World Cup 2019: The oldest, the youngest and the most experienced team
Though Afghanistan feature high on the experience chart, they have the youngest squad among all teams featuring in the World Cup 2019
If there’s one team that has played the maximum number of ODIs in the 21st century, it has to be India. And though the young players have been getting breaks since the Dhoni-era, it’s the experienced campaigners that have mostly been preferred in the World Cup squad.
Mahendra Singh Dhoni (oops, almost wrote ‘Baahubali’ after his first name), the man who brought home the World Cup after 34 years, is playing his fourth WC. He is 2019’s most experienced player, having played 341 One-Day Internationals (ODIs).
In fact, India tops the chart for the squad with most collective experience with 1,573 ODIs. There are three players who have played more than 200 matches and six with more than a hundred match experience.
Even Vijay Shankar, who has played only nine ODI matches, has more experience than some squad players in other teams who have played the least number of matches.
But hey, this doesn’t give a true picture. Even the average will not give you the whole picture since there would be some players with huge experience while the others would be novices. Therefore, a median number of games played—the average of ODIs played by the seventh and the eighth most experienced player—would give a better sense.
England have more experienced campaigners going into the World Cup. They began rebuilding their team post the 2015 World Cup debacle, where they failed to beat any Test-playing nations, but their core has largely remained the same.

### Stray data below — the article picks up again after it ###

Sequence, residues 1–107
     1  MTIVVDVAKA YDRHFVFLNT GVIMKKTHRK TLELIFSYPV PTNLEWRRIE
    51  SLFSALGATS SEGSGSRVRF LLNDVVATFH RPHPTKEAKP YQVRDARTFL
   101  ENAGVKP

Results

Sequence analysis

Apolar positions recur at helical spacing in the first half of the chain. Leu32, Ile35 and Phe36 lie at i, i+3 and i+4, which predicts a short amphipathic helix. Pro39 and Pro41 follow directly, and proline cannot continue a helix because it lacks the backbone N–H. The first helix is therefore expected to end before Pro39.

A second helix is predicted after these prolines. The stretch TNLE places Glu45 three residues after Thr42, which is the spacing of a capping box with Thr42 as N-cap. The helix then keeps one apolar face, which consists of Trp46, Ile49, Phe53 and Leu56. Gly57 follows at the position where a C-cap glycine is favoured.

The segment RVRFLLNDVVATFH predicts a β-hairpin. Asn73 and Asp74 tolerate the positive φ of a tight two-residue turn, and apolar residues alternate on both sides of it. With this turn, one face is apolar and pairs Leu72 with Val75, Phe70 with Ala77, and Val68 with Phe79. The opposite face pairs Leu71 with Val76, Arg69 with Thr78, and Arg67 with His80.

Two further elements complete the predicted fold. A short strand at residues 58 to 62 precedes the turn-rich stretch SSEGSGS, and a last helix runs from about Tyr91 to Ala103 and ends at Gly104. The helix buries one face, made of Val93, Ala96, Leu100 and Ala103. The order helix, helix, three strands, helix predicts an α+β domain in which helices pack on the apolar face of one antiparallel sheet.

Australia are the underdogs this time around. The Kangaroos have lifted the trophy four times in the past five editions of the tournament, and won all the eight ODIs prior. There may be a new-look about Australia in 2019, but the aura remains the same.
It’s a first World Cup for Afghanistan but they actually have quite an experienced side, with nine players with 50-plus ODI caps and a median experience of 56 games. South Africa and India are the second and third-most experienced sides.
It’s a World Cup debut for Kiwi wicket-keeper batsman Tom Blundell. Other greenhorn players include Windies wicket-keeper batsman Nicholas Pooran (1) and Bangladeshi medium-pacer Abu Jayed (2); English bowlers Jofra Archer and Liam Dawson have played three matches each.
Sri Lanka, who announced their squad on April 18th, saw some players making comebacks and others like Lasith Malinga who are nearing the end of their careers. It tops the chart with an average squad age of 30.43.
Only one of the 150 players across all squads is on the other side of 40—Imran Tahir, the leggie. Joining him on the field will be the other Proteas’ veterans Hashim Amla (36), Dale Steyn (36), JP Duminy (35) and Faf du Plessis (34).
Seven of the 15-men Indian team is more than 30. Hence, it’s no surprise that their average age is exactly that.
The Aussies, meanwhile, might seem low on experience but their average squad age is close to 30—five players are more than 30 years old and four age between 29 and 30.
Windies’ Chris Gayle is 114 days short of 40; Dhoni is 38 days short of his 38th birthday; and Pakistan’s Shoaib Malik is 37 years and 118 days old.
Pakistan has three of the five youngest players—Shaheen Afridi (19), Mohamed Hasnain (19) and Shadab Khan (20).
And though Afghanistan feature high on the experience chart, they have the youngest squad among all teams. The 18-year-old off-break bowler Mujeeb Ur Rahman is the youngest player in the 2019 World Cup.